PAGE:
Authors
  • Dare, Oluwayemisi K.
  • Forbes, Mark R.

Summary

In this study we examined trematode and nematode lung helminths commonly found in two species of host ranid frogs for competitive interactions. We examined 147 adult (breeding and non-breeding) and juvenile northern leopard frogs, and 84 breeding male wood frogs in Bishops Mills, Ontario for Haematoloechus spp. (Trematoda) and Rhabdias sp. (Nematoda) infections. A strong negative association between phyla of helminth was observed in breeding and juvenile northern leopard frogs, and also in breeding wood frogs, but not in non-breeding adult northern leopard frogs. Few hosts carried both types of worm concurrently. Thirteen northern leopard frogs carried dual infections, while 77 carried only one phylum of helminth. Twenty-seven wood frogs carried dual infections, while 54 carried only one phylum of helminth. We also observed spatial segregation of the two phyla in host lungs. Our study informs future research on the dynamics of interactions among lung helminths in these two host species.

Methodology

Road-killed northern leopard frogs (n ¼ 147) were collected from Bishops Mills, Ontario (44°20'60.0" N 75°40'0.0" W). High vehicle-related mortality occurs particularly during seasonal migration periods when cohorts of frogs move en masse over a few short days. We collected 54 male and 20 adult female northern leopard frogs in the spring (2–26 April 2007) as they migrated from their hibernation sites to breeding ponds, and another 73 frogs (45 juveniles, 12 adult females, 16 adult males) in late summer/early fall (11–26 August 2007) when they were moving between feeding grounds and hibernation sites. Northern leopard frogs were identified to age (juveniles/yearlings and adults) and sex (breeding male individuals were identified by the presence of a swollen, darkened thumb, a secondary trait that is not present in non-breeding adult males; sex in juveniles was determined only by the examination of gonads). Only frogs in which both lungs were intact were used for our analyses.

Wood frogs do not make these migrations across roads, and thus we captured live adult male frogs from breeding ponds from the same local wetland area in Bishops Mills as the northern leopard frogs. A small number (n = 18) of wood frog males were collected in the first week of April 2008 and another larger sample group (n = 66) on 23 April 2008.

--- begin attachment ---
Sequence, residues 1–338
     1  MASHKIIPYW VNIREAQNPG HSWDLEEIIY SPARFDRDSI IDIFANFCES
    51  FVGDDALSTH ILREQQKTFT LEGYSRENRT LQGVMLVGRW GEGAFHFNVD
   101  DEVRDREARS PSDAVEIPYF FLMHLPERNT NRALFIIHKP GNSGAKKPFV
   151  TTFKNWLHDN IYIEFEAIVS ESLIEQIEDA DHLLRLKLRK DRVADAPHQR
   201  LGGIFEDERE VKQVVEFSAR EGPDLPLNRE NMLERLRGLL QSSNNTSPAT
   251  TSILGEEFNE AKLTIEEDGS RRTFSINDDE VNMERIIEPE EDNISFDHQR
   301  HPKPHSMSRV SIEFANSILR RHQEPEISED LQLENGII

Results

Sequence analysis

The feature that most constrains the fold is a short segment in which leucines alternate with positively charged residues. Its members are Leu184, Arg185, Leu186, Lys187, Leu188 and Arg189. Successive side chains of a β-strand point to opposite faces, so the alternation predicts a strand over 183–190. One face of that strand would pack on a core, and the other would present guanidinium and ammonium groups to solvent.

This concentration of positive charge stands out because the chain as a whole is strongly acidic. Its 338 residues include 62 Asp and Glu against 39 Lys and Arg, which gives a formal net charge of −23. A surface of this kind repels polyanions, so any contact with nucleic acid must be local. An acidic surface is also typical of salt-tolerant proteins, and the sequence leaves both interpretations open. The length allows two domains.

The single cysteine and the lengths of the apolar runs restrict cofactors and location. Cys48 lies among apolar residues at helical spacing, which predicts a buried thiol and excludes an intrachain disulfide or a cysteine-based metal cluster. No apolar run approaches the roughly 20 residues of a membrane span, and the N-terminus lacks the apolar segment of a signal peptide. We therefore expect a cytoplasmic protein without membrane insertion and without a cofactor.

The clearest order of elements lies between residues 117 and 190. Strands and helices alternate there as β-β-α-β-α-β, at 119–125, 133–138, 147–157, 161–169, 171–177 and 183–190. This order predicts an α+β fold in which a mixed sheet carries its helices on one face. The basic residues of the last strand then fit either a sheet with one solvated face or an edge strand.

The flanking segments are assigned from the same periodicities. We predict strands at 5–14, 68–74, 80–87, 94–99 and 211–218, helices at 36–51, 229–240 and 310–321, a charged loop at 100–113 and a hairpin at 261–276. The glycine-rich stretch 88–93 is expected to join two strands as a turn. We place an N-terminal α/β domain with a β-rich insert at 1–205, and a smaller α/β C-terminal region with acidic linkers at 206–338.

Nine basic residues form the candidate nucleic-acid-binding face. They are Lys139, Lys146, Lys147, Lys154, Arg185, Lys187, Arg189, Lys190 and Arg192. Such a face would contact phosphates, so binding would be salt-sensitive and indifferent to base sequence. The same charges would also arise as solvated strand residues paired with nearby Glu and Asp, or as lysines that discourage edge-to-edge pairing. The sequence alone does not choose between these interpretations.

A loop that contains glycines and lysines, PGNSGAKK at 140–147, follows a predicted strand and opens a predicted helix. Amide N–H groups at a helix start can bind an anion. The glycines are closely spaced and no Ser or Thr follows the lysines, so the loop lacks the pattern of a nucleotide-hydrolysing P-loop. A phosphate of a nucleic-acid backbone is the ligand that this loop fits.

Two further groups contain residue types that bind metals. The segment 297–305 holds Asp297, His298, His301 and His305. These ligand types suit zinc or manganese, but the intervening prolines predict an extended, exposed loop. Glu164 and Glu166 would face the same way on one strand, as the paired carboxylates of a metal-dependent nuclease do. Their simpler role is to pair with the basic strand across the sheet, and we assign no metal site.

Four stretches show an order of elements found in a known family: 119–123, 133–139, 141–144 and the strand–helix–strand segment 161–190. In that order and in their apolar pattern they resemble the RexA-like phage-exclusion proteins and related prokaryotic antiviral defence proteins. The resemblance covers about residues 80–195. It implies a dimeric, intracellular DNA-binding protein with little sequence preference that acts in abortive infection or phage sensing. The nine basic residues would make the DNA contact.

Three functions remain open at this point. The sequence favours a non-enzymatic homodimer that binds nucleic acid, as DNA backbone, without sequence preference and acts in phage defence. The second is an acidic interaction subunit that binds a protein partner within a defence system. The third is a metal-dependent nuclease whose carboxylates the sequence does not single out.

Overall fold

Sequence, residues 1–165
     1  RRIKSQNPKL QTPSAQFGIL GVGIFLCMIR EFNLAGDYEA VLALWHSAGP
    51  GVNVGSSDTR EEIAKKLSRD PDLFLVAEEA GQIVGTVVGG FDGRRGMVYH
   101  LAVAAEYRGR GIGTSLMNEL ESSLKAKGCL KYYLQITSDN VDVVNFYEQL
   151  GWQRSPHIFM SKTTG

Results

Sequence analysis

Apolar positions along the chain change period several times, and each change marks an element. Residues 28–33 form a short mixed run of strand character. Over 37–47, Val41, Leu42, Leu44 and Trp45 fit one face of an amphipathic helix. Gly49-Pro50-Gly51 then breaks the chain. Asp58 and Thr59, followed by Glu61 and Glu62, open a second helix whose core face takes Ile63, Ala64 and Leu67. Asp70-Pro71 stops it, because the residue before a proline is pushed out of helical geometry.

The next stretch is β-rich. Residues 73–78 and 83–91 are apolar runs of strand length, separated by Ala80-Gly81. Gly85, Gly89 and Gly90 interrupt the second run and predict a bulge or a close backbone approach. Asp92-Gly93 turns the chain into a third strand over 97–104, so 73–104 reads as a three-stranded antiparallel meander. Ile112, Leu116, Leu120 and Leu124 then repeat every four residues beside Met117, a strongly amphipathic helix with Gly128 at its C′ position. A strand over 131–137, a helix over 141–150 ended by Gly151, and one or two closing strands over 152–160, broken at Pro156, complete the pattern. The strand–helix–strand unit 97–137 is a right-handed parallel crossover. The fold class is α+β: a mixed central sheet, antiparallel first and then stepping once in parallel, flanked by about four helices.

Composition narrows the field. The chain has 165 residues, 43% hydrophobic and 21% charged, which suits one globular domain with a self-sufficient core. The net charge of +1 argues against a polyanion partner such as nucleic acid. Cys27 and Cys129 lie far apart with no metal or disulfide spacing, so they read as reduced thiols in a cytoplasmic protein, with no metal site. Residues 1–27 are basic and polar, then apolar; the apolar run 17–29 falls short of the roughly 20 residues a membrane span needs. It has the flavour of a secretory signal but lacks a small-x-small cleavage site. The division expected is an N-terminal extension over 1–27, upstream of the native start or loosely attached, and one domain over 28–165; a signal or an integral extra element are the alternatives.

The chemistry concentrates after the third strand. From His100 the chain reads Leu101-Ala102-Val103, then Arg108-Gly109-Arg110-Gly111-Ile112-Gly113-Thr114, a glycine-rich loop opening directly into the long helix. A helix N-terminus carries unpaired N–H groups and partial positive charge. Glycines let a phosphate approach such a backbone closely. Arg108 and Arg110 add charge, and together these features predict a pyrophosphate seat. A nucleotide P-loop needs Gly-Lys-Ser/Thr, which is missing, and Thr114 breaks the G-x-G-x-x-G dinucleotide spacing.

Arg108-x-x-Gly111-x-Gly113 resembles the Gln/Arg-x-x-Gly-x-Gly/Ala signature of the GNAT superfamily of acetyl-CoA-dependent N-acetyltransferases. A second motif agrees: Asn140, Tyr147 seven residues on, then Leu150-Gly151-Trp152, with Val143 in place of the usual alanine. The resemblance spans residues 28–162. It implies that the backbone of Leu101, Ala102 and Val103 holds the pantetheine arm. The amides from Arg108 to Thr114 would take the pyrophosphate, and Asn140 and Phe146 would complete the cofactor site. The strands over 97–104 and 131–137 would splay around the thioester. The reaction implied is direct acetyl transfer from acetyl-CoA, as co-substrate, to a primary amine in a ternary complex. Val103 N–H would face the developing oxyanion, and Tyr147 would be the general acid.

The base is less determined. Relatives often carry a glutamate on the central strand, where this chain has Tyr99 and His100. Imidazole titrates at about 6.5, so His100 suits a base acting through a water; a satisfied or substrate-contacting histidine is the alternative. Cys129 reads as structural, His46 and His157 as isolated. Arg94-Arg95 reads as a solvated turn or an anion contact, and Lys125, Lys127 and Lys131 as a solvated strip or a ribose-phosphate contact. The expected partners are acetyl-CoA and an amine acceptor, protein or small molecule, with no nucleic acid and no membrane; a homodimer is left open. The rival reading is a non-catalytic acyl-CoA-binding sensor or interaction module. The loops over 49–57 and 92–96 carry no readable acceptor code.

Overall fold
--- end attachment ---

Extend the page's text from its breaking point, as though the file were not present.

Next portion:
Rhabdias (nematodes) and Haematoloechus (flukes) found in the lungs were removed and enumerated. The genus Haematoloechus is a species complex comprising morphologically indistinguishable species (Bolek & Janovy, 2007) that require genetic testing for identification. However, some of these flukes display strong host specificity among intermediate odonate hosts; researchers may be able to establish which species infect final host frogs by determining the species composition of odonates in an area. At present, the odonate species composition in our sample area has not been documented. Thus for this study we use the taxon name Haematoloechus spp. As well, recent evidence suggests that the lungworm nematode, Rhabdias bakeri (thought to infect wood frogs), is a genetically distinct species from R. ranae, typically found in northern leopard frogs (Tkach et al., 2006). However, experimental infections have shown that both species of Rhabdias (R. bakeri and R. ranae) will successfully infect and reproduce in either host frog species (Dare et al., 2008); exclusive use of one or the other host frog by either worm species in nature is unknown. A revision of the life cycles and host use of these Rhabdias species is required. However, for the purposes of this study we refer to Rhabdias lungworms as Rhabdias sp.

We report prevalence, abundance and intensity as response parameters for parasitological counts (according to Bush et al., 1997). We observed no differences between the dead frogs in this study or live frogs we have examined in other studies, in the locations of the worms in the lungs.

Location